How to Think Like a Drummer

Top tips for drummers who play on worship teams.

You can learn every kick pattern and cymbal crash, but music should and always will be an art. 

Here are my tops tips for what it takes to go from drumming to being a drummer, tailored to a worship setting.

Play to the Room

In all reality, most of us aren't playing stadiums or arenas on Sunday mornings. Playing to the size of the room is a necessary skill for a drummer to have. The "I can't play well if I'm not hitting the drums as hard as I possibly can" excuse is exactly that: an excuse. Look at it as a challenge and watch your attitude shift.

Playing to the room isn't just about volume, it affects our grooves as well. Busy grooves can be overwhelming in a loud space, especially in an up-tempo song. When I'm playing smaller venues I'll often simplify my 16th note hi-hat grooves down to 8th notes. It helps me slow down and concentrate on playing softer and in the pocket. You can also use the different sticks; invest in a good set of brushes and hot rods if that's what would better fit your environment. It's a lot easier to adjust your style than it is to remodel a venue, so do what you can to make your music sound the best it can wherever it's played.


Ever notice how you can practice along with an album and it sounds amazing but when you play it with the band it just feels flat? These moments call for making changes and depending on the song, you may need to do some math.

When you practice with a record it can feel huge because there are so many other parts creating textures. Strip it down to a live band and you notice you need to create some filler. Maybe there was a loop subtley moving in the background or maybe some synth part kept things rolling with an arpeggiator. As drummers, we need to hear the song as it is.

There are a few things I like to add into the mix when things are sounding less than full. To create movement, a tight hat with 16th notes or a shaker can fill in where a much more complicated drum loop was. Some ghost notes on the snare can also lift dynamic. Maybe a crushed hat instead of a ride? It might even be adding a groove where there isn't one to help carry the song like I did on It Is Well. The key is to not complicate it so much that you fall out of the pocket.


Other times the album has too much going on. If you are down to a 3 piece, it may be beneficial to back off. Simplify that kick pattern, drop into a lower dynamic tom groove so you have room to go up. If you can't create a wall of sound, it's best to try and create something that just sounds good on it's own. 


It's all about using your ears. Don't get so set on something just because "that's how it is on the record". A little addition or subtraction can go a long way in creating an arrangement that carries a song. Think like a drummer.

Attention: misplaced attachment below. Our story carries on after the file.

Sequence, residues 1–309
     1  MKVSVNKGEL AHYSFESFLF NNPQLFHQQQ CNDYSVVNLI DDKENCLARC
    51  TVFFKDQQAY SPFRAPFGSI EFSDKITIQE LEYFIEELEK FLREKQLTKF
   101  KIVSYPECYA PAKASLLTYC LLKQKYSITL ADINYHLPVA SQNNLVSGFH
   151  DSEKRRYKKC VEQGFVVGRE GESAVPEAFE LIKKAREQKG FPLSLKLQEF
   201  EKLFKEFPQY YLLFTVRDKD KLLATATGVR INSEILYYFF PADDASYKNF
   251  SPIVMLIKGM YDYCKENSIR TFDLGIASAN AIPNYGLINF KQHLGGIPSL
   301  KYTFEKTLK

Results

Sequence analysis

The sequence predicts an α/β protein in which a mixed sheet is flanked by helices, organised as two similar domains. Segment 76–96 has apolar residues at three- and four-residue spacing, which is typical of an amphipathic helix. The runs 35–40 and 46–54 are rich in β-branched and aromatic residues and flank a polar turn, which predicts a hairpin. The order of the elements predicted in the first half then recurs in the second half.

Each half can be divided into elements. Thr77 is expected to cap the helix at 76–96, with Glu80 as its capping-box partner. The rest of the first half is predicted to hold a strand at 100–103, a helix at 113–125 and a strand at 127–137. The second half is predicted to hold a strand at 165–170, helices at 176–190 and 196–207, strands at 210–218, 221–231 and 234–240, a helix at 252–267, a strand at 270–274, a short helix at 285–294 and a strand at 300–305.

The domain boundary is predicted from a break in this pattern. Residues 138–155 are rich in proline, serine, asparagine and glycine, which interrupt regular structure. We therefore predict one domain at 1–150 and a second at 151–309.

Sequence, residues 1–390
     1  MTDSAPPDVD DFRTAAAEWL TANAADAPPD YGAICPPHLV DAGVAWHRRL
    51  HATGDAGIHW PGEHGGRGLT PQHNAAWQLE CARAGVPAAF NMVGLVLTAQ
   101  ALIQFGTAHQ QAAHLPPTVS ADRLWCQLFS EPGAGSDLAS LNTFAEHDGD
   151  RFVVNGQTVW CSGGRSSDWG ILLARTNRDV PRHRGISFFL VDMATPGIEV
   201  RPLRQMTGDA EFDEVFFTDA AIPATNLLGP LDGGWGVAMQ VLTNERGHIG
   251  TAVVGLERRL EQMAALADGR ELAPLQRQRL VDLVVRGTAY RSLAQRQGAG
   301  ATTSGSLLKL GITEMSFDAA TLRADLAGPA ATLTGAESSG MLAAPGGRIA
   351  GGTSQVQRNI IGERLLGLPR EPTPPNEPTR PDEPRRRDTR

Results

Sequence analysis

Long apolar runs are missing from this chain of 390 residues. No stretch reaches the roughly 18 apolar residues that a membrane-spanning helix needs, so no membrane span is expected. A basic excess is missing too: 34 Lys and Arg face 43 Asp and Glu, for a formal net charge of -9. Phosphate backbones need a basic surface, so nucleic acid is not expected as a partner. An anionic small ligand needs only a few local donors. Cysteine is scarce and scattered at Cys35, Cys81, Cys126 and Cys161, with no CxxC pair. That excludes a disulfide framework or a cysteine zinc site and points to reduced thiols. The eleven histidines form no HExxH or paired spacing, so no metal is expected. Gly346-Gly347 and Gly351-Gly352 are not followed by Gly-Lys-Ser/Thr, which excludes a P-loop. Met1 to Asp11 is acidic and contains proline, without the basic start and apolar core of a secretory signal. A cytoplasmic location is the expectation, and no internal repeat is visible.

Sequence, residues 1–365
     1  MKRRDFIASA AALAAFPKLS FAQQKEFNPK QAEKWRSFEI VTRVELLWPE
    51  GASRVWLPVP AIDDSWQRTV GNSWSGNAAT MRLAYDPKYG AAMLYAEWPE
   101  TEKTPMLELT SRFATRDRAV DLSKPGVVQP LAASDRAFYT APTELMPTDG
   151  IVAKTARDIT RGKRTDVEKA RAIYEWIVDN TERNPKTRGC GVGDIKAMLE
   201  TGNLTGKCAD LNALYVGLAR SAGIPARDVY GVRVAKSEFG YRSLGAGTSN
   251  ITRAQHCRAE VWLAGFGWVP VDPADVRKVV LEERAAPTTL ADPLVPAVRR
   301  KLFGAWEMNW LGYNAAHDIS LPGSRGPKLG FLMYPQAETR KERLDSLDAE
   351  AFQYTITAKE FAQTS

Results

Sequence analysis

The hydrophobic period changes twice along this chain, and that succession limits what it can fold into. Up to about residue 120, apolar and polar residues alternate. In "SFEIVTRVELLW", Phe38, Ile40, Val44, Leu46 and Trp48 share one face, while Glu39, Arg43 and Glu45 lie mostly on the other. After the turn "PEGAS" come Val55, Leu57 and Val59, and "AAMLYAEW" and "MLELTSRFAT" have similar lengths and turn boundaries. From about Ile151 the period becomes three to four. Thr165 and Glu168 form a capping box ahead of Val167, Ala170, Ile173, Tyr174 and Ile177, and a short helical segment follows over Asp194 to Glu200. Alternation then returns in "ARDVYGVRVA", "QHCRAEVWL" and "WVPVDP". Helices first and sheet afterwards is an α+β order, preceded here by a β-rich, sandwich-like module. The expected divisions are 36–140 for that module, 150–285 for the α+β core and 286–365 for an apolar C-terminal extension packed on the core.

Josh Ward is a versatile drummer of 18 years and heavily involved with the worship team at Marcus Pointe Baptist Church in Pensacola, FL. He is a husband to Rosie, dad to Amos and drum instructor for

How to Think Like a Drummer

Login to post comments


Playing to the Room

Very nice post. You bring up some great points. As an engineer, I offer couple of thoughts of my own....

1. Some of the punchy-est drummers I ever worked with didn't hit hard. Stick speed coming OFF the head has much to do with the sonic impact of the drums. I would suggest developing the technique of making it "pop"...not to crush the heads.
2. Play less. (as you suggest above) Allowing space creates punch and impact. As you allow more room for your bandmates to be heard, the group as a whole will find their moments and tone. Which leads me to....
3. Try an experiment. I learned this trick from a renowned producer. Have the entire band sit around the kit and run the arrangement "unplugged." Work out your parts while everyone is playing acoustically in the space. You'll be forced to play to the space...all the while listening more intently to your bandmates and what THEY are playing. You can then tailor your performance to better match theirs. In other words...don't be in a big hurry to pop in the in-ears.
4. Be mindful of your hi-hat volume. Please. :o)
5. Front of house'll never be able to get the drums lower in the mix than the softest he/she plays. Mix the band to the acoustic energy of the drummer in the room...adding some close mics as necessary to add detail.

My 2 cents.


Hey Eric! Dude these are some killer pointers! I especially love the idea of working out your parts acoustically around the kit before "lighting it up" and making everyone listen critically to what is going on around them. Have a blessed day brother!!

I think your pointers are worth at least 50 cents!